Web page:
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NAACP: 100 Years of Grace and Struggle


A Dream Realized
Sweet Land of Liberty
Cry Freedom

Rosa Parks forever changed history when she refused to yield her seat on that Montgomery, Alabama, bus in 1956. A lesser-known piece of history reveals that one of the motives behind her act was that she was haunted by the kidnapping, beating and murder of Emmett Till the year before. Parks was, simply, fed up.

Till, a 14-year-old black Chicagoan, was visiting relatives in Mississippi when he was lynched for allegedly whistling at a white woman. His mutilated body, unrecognizable even to his mother, coupled with the acquittal of his killers, made headlines.

On hand throughout Rosa Parks’s ordeal, the Emmett Till trial and countless other chapters in African-American history for the last century was the National Association for the Advancement of Colored People (NAACP), fearless soldier/citizens committed to defending the most vulnerable.

The organization turns 100 this month, but its mission—and the vitality with which it has been carried out—is ageless.


A Dream Realized

Whether he realizes it or not, President Barack Obama begins his term with the weight of every African-American on his shoulders. It’s a heavy burden: Some of the votes likely cast his way were from older black citizens who haven’t always been able to exercise that privilege.

But the issue of voting rights is only one facet of the struggle African-Americans have faced in the past century. The NAACP has stood guard through every battle.

The group’s tenets are simple: “To promote equality of rights; to eradicate caste or race prejudice among the citizens; to advance the interest of colored citizens; to secure for them impartial suffrage; and to increase their opportunities for securing justice in the courts, education for the children, employment according to their ability and complete equality before the law.”

The fight to ensure these rights, however, hasn’t been so easy.

Founded on February 12, 1909, by 60 multiracial activists in New York City, the NAACP’s principal goal was to improve the lives of black Americans, many of whom lived under the oppressive Jim Crow laws which legalized and enforced segregation.

The NAACP set to work early on trying to eliminate the lynching of black citizens. In 1919, the NAACP published Thirty Years of Lynching in the United States, 1889-1918, which awakened white America to the epidemic. In 1921, the organization took a step further by sponsoring the Dyer Anti-Lynching Bill. Lynchings sharply declined as a result.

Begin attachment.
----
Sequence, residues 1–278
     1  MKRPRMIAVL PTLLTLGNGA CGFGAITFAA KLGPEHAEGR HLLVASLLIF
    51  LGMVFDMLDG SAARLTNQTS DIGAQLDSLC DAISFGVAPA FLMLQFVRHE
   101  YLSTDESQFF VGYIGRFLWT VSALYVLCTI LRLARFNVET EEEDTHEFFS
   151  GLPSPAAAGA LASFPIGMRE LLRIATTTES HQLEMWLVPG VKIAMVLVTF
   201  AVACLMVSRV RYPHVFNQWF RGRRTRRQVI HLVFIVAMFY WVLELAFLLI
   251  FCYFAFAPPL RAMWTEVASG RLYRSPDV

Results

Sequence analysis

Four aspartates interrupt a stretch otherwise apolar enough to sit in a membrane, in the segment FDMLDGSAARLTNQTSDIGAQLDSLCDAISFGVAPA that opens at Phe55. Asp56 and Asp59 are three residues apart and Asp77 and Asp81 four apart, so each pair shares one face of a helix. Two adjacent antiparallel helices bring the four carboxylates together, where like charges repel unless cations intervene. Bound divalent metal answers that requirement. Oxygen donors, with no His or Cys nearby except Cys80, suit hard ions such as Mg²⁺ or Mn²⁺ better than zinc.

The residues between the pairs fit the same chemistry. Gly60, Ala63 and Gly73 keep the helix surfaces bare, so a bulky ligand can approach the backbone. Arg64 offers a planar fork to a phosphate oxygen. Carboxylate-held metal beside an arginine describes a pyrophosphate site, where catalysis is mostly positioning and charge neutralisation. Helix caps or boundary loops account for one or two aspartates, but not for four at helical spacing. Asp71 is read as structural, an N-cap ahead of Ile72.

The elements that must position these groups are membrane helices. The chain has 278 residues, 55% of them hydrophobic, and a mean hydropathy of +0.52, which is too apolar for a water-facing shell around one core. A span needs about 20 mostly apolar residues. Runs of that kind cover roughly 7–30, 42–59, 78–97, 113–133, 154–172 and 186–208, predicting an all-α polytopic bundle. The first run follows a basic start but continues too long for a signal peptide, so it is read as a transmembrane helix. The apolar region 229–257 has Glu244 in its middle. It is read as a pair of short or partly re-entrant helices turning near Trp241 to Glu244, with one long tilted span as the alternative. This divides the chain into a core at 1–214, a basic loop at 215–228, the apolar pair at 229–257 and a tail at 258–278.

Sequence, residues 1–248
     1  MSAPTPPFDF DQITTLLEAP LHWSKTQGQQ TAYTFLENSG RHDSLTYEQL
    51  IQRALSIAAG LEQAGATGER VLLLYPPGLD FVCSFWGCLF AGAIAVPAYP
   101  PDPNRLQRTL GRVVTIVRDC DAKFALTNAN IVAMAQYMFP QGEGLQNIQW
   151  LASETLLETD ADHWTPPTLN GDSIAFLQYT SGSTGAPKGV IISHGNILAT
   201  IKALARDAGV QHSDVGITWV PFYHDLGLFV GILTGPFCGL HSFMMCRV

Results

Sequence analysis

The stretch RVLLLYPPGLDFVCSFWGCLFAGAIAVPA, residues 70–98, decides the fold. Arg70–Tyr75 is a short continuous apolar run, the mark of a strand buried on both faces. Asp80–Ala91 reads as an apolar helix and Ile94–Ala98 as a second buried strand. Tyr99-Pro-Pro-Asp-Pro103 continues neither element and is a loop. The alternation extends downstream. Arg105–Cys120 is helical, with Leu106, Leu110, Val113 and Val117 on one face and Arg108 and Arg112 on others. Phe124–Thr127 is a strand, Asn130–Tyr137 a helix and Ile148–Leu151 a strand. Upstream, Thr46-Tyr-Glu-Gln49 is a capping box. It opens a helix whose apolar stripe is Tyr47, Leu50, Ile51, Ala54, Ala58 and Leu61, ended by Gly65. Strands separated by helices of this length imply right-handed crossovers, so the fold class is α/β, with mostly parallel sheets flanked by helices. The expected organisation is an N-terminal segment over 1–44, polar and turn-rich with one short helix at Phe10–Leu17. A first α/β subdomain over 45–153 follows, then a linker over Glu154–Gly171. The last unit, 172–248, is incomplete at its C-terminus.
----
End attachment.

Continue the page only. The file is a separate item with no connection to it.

But the NAACP truly came into prominence through its own Legal Defense and Educational Fund (LDF). Started in 1940 as a wing of the NAACP, the LDF made headlines in the 1950s after Linda Brown, a Kansas student, was refused admittance to an all-white elementary school.

Her father, Oliver Brown, sought counsel with Topeka’s branch of the NAACP. Wanting to end segregation in public schools, the LDF sprang into action. Born from that struggle was the U.S. Supreme Court’s monumental Brown v. Board of Education in 1954.

The NAACP has also done epic work with voters’ rights. Despite the 15th Amendment guaranteeing that civil liberty, black citizens in some states faced scare tactics, literacy tests and poll taxes designed to discourage.

The NAACP countered like a general waging battle, sending troops to the front lines in the form of trained activists who risked their lives to register black voters.

Many historians believe the NAACP’s efforts quietly guided President Lyndon Johnson’s hand as he signed the Voting Rights Act on August 6, 1965. The black community prevailed that day, but it was the true spirit of America that won.

The NAACP’s formation in February of 1909 was intended to commemorate President Abraham Lincoln’s 100th birthday. It’s a fitting connection: Lincoln freed the slaves; the NAACP fought to let that freedom ring.

And the fight continues. Today, the organization offers programs dedicated to civic engagement, education, economic empowerment and training.

The NAACP, by encouraging African-Americans to realize their own potential, is continuing a legacy that has made the United States stronger, fairer. By focusing on color, the NAACP has helped to make our country color-blind.

Perhaps it seeks to prevent another tragedy like Emmett Till. In the wake of his murder, blacks in the 1950s were galvanized—and mobilized—into action. Donations to the NAACP soared. Volunteering skyrocketed. Like Rosa Parks, people were fed up.

Mamie Till-Mobley, mother of Emmett Till, had this to say of the African-Americans who, under the watchful eye of the NAACP, spoke out against the white men who murdered her son and the white establishment that made life for blacks across the country intolerable:

“When they saw what had happened to my son, people became vocal who had never vocalized before. People stood up who had never stood up before.”

They have been standing proudly ever since.—C.H.

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